District prepares for 4th elementary school

Board reviews proposed changes to student, teacher distribution

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The Moffat County School District is planning for its next big change.

District administrators and staff are drafting ways to redistribute students and staff for the 2009-10 school year after the current Craig Intermediate School is transformed into the district's fourth elementary school.

Moffat County School Board members reviewed these plans at their Thursday workshop, which took place before their regular monthly meeting.

"They're all a work in progress," Superintendent Pete Bergmann said.

Staff redistribution

Starting next year, CIS, which currently houses fifth- and sixth-graders, will be converted into a fourth elementary school for preschool-through fifth-graders. A $29.5 million bond issue voters passed in November 2007 will fund the project and other upgrades across the district.

The change means some teachers currently at the building will have to either change grade levels or schools.

The district's Problem Solving Committee, which includes district administrators, teachers and paraprofessionals, drafted criteria guiding teacher redistribution. Balancing teachers' experience in various content areas, creating teams of teachers and taking into account educator's preferences are among the considerations district administrators will look at when redistributing teachers.

School personnel already already had their say in the process.

A preference survey collected Nov. 7 allowed CIS staff to indicate whether they wished to remain in their current school or grade level.

"I really think teachers deserve credit because they really jumped out and said, 'I know you've got to staff another school,'" said Joel Sheridan, former assistant superintendent who has been hired by the district on a part-time basis to assist with bond issue projects.

He added that many teachers indicated they were willing to move.

At the latest, district administrators hope to finalize staff redistribution by spring, Sheridan said.

However, the process could move quicker than anticipated.

"If it really gels out in the next couple of weeks, I don't know why we wouldn't go ahead and make those moves, and (so) everybody knows where they're going," Sheridan said.

In that case, a personnel report reflecting teacher redistribution could come to the School Board for approval next month, Bergmann said.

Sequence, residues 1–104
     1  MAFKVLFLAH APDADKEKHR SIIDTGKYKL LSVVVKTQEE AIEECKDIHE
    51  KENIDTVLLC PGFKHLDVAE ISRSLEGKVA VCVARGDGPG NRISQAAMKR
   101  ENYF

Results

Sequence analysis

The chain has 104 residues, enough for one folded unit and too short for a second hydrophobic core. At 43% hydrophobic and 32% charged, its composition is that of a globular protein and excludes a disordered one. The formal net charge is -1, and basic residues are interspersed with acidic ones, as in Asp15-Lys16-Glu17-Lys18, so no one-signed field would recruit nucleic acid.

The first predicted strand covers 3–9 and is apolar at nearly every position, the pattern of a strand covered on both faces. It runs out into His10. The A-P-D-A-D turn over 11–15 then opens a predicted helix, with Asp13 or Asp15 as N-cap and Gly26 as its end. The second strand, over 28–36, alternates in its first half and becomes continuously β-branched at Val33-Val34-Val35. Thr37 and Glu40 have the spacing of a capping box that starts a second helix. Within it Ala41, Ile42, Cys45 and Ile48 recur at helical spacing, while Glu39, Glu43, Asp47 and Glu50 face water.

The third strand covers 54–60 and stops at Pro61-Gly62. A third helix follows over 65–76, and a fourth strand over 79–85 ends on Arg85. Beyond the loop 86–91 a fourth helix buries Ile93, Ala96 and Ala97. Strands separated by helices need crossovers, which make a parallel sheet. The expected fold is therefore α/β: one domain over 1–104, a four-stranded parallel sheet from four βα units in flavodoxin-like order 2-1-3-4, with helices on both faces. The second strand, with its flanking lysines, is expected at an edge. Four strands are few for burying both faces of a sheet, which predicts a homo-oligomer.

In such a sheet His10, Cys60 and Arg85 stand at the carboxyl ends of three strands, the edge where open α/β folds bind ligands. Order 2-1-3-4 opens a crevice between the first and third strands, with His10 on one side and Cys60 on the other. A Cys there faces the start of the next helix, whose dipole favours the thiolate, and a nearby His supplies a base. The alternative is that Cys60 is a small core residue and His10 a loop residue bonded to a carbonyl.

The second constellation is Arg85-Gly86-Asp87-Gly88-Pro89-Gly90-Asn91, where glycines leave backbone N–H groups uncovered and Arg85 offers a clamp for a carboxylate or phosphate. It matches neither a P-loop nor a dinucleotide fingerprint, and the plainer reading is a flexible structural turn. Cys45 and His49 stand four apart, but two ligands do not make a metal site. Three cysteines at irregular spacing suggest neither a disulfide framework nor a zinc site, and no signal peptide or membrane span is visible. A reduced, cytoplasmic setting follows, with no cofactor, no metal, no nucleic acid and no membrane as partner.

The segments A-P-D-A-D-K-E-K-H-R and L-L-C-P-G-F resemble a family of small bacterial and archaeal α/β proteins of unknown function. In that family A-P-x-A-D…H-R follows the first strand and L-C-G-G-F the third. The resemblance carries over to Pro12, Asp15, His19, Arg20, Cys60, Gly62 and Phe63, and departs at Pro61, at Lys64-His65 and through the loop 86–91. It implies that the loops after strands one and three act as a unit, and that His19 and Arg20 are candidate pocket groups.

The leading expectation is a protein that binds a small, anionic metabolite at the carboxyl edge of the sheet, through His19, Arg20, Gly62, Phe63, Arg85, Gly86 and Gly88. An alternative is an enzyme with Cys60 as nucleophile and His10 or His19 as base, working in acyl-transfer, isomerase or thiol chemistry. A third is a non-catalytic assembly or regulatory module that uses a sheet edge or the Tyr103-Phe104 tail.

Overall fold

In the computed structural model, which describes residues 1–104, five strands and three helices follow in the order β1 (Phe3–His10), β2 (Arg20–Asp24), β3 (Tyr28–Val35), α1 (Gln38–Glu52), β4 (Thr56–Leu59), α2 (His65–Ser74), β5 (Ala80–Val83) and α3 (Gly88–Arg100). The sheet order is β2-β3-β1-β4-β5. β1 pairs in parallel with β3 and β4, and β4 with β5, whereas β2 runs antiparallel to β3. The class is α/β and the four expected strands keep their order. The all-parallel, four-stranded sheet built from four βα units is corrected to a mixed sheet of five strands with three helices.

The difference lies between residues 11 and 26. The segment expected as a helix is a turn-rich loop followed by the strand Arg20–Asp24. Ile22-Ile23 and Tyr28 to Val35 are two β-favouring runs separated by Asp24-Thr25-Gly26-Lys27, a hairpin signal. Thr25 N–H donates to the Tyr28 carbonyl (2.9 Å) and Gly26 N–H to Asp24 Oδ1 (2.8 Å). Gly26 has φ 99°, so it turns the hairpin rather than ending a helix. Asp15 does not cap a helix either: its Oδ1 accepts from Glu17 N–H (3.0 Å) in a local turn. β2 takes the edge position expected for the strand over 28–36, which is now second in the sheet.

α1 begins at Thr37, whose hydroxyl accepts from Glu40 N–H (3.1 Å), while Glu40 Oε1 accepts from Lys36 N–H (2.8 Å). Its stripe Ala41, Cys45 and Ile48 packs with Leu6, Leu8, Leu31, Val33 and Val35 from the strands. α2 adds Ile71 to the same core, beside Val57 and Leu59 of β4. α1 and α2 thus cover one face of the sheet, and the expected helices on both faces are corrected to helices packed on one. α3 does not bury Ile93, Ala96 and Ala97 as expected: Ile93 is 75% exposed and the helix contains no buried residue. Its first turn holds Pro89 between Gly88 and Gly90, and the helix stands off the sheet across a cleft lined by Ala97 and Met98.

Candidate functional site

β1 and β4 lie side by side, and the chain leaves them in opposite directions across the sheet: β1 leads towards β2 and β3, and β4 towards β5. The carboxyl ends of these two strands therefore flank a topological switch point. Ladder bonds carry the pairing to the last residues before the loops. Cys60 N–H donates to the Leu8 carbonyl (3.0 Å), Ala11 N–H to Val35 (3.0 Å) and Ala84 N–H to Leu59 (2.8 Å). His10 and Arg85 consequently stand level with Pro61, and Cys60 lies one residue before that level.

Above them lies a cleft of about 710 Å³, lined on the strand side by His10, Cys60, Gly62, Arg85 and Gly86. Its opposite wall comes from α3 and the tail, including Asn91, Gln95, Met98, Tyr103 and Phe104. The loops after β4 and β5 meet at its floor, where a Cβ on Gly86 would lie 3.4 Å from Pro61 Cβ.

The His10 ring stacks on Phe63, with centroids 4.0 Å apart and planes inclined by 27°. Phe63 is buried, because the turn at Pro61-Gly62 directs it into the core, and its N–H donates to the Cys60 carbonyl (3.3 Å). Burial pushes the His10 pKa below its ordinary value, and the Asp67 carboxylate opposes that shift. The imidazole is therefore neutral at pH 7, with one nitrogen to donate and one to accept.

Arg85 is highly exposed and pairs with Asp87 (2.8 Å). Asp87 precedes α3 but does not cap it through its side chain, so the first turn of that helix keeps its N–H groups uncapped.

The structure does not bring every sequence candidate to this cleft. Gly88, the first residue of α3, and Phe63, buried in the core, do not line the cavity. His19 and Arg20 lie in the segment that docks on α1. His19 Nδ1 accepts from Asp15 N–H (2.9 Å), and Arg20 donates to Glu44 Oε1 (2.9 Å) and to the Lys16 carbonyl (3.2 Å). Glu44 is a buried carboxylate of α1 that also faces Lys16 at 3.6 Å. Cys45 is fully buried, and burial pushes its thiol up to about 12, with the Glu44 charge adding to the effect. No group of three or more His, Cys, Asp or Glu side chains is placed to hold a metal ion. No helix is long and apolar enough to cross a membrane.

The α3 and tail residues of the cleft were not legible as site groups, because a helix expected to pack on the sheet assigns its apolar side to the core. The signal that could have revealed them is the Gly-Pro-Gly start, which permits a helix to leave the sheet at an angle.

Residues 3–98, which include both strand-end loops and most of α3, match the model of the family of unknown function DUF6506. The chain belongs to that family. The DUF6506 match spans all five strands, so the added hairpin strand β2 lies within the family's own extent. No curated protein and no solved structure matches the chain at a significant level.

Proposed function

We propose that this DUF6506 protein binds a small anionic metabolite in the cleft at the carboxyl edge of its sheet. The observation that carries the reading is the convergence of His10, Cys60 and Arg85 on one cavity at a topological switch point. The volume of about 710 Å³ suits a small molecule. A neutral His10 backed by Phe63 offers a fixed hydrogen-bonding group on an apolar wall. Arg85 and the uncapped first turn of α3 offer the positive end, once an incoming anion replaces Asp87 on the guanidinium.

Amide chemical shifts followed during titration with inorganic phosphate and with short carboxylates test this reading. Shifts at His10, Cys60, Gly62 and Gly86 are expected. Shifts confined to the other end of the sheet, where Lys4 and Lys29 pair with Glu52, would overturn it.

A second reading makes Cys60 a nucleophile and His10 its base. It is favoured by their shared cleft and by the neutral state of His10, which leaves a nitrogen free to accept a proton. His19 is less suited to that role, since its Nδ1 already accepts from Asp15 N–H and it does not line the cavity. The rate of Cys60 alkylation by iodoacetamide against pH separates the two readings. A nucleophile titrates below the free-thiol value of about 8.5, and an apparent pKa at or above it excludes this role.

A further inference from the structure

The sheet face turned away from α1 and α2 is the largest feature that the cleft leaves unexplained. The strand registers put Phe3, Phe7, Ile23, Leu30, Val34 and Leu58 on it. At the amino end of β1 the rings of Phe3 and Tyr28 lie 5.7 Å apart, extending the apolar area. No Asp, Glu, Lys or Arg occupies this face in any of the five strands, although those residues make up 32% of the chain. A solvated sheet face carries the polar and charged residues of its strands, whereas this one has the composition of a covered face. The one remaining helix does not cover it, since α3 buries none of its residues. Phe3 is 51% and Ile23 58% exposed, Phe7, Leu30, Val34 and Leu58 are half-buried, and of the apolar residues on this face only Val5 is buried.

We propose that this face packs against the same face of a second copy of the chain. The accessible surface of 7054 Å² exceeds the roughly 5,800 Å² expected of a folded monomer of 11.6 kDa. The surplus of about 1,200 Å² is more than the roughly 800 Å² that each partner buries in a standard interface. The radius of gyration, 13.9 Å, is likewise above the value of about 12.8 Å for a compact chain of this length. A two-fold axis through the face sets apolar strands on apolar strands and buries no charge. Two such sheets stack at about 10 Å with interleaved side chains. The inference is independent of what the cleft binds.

Balancing the load

Another phase of the transition includes redrawing elementary school attendance boundaries to include a fourth elementary school.

Attendance boundaries generally place elementary students in schools closest to where they are living with a parent or guardian.

District officials plan to increase these area boundaries from three to four, or one for each elementary school. At the same time, officials are planning how many sections of each grade to allot to the four schools.

A draft of next year's student distribution shows existing East, Ridgeview and Sunset elementary schools hosting two tracks of each grade, kindergarten through fifth.

Current CIS would hold three tracks of each grade.

However, redistributing the district's elementary school students may not be as easy as it looks on paper. The task takes place at a time when elementary school enrollment across the district is growing beyond what schools traditionally plan for, elementary school principals said.

But that's not to say schools don't have room to accommodate extra students.

East Elementary School, for example, is using its computer lab room as an extra classroom this year. Its computer lab now is a mobile one.

According to current school designs, elementary schools have between one and four such spaces that could be converted into classrooms, if necessary.

"We don't want to do that, but we have that flexibility," Bergmann said.

For other actions from Thursday's school board meeting, see this week's Saturday Morning Press.

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